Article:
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8

He doesn't mean little IDE utilities that create boilerplate for you, which you must modify. He's referring to more comprehensive code generation that you shouldn't have to touch. You make changes to the higher level and regenerate. The canonical Unix example would be Yacc, which uses a high-level grammar to generate complex parsing code. Other examples: ...


3

In basic networking you have end to end. That is what I would call connected. TCP is an end to end protocol. You get a delivery receipt. That is nice but there is overhead with an end to end communication. You also have connectionless communication such as UDP or IP. You send it but do not get a delivery receipt. A good book is Computer Networks and ...


2

In networking, the technical term "connection" refers to a session where data is streamed (transmitted & received in-order). Sessions have a set-up and a tear-down phase where a channel (which can be virtual) is created & destroyed. TCP and ATM have connections, UDP doesn't. If you're not using the technical term and wanted to include all types of ...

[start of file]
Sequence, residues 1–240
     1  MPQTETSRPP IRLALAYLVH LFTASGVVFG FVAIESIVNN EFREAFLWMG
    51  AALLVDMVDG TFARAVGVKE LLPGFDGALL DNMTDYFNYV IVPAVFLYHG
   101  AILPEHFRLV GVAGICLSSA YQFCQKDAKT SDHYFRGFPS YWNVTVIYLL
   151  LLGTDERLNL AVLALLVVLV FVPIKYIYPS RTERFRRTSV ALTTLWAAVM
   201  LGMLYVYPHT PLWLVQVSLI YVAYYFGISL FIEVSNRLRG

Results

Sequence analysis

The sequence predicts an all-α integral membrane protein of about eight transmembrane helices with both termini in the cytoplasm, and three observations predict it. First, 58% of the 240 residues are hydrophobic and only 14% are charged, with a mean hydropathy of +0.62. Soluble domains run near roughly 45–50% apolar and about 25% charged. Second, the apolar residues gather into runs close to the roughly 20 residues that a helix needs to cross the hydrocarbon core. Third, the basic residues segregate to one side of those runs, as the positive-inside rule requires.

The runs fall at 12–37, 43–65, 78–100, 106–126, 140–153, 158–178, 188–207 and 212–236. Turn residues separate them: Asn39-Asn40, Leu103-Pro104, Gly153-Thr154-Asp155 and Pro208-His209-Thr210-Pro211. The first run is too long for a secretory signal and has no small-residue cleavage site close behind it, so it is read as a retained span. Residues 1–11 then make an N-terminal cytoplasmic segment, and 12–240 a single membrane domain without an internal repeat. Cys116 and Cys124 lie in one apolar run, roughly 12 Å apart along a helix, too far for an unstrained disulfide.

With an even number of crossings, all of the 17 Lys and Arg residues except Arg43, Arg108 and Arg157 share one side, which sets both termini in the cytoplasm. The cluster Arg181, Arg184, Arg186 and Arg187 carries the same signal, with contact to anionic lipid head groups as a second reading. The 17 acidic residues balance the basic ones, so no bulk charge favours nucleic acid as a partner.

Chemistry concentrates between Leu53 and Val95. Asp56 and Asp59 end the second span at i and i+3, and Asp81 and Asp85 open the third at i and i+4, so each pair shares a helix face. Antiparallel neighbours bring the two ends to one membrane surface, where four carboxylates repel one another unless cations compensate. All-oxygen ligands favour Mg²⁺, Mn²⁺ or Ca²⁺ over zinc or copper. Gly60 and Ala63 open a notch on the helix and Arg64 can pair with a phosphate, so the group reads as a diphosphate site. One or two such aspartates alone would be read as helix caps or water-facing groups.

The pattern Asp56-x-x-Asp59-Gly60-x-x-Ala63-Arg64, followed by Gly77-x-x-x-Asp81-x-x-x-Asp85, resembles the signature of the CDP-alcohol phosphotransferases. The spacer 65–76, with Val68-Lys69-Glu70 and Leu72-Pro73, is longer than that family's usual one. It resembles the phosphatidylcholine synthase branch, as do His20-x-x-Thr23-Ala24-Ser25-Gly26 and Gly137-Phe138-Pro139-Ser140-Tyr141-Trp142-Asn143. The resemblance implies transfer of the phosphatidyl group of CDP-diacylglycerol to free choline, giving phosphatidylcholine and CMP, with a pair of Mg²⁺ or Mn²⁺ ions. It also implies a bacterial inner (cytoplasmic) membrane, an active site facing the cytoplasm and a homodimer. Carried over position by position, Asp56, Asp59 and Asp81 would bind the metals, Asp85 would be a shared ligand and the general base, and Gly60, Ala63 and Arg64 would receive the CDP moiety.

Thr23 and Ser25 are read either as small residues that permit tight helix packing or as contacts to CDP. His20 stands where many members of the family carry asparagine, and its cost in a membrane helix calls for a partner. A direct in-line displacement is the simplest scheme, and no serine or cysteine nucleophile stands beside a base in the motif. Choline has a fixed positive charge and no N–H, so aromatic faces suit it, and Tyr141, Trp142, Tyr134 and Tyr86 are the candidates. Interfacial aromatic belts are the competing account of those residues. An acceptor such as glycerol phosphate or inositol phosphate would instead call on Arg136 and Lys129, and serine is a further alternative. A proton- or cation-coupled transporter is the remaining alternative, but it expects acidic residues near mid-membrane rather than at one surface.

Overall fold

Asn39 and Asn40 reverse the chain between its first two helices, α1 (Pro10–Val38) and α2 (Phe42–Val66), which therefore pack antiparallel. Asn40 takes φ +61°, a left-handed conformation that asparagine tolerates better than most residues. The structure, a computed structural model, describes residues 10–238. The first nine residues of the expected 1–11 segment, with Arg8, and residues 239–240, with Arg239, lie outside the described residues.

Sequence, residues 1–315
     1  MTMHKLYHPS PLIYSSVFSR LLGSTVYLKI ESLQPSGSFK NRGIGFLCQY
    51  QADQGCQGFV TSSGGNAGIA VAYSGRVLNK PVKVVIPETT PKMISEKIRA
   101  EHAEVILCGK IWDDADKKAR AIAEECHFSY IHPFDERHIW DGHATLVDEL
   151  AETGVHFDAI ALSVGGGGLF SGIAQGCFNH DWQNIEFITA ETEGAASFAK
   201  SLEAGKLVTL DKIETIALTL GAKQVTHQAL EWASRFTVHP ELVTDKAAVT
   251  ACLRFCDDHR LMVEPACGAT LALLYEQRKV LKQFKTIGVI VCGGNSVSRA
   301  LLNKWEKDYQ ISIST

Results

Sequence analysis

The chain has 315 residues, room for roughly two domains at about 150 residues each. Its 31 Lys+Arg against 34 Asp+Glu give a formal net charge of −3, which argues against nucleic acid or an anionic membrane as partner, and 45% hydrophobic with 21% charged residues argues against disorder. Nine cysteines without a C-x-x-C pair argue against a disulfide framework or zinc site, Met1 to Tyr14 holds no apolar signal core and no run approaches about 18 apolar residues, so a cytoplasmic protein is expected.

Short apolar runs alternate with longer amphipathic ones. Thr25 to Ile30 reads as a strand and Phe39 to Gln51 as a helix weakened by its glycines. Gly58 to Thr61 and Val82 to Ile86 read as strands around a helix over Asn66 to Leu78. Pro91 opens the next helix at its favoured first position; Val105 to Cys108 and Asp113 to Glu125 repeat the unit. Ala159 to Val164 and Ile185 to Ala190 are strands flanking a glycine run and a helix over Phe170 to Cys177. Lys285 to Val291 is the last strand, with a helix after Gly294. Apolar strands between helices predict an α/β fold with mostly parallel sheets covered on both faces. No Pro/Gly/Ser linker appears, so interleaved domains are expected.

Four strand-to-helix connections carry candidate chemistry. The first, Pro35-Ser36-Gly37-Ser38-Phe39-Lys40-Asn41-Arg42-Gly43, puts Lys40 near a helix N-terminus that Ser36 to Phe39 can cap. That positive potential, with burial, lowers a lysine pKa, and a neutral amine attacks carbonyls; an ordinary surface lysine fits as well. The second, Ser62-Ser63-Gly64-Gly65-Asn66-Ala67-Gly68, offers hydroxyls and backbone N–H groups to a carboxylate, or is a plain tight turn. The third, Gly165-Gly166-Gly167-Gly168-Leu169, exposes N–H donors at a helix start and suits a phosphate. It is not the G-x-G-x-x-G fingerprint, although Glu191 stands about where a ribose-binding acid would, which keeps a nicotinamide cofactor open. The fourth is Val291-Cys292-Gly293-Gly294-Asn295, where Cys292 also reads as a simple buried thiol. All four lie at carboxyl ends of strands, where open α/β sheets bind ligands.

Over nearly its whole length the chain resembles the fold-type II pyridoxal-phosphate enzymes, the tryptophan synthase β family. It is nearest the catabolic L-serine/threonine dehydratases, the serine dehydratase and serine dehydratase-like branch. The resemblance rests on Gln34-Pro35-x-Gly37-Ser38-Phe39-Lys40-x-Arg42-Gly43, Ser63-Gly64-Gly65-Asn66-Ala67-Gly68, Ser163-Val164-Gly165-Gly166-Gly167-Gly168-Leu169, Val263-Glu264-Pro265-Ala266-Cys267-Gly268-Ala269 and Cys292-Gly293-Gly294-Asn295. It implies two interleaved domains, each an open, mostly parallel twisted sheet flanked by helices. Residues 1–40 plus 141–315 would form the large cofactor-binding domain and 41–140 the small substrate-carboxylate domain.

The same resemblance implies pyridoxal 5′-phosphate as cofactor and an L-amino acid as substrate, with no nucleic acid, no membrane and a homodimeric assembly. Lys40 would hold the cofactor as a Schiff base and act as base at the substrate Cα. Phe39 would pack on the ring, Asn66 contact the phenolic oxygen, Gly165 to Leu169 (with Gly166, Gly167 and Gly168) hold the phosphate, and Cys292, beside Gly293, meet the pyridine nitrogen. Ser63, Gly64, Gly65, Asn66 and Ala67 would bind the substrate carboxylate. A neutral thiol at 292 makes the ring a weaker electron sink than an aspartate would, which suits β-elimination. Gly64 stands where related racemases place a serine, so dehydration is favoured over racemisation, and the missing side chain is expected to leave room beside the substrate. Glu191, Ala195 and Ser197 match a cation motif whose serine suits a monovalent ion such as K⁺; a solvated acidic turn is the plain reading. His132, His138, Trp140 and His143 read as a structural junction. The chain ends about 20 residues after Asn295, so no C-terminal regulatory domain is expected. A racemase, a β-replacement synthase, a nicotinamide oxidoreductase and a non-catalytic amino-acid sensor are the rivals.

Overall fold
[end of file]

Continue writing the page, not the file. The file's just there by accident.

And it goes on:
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Because reducing the feature set of a language requires a compromise. Taking a feature out of the language means either: the language no longer has that feature, so people who need/value that feature will not want to use that language (aside: this is the reason I've never tried golang... while I like some of their ideas I find exceptions too useful to ...


2

I think layering is undervalued. I wish there were more texts talking about that as a design point. Layering means placing an abstraction on top of another abstraction (without allowing the underlying abstraction to leak thru). One great and highly effective example of layering is when you change languages. For example, you write some SQL on top of a SQL ...


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Should we be thinking about a style of writing code that is better suited to the contemporary software design and architecture of being agile and user-centric (hence evolving faster compared to business requirements) that incorporates both elements of re-usability and also erasability? The underlying issue with the erasable versus extendable code is ...



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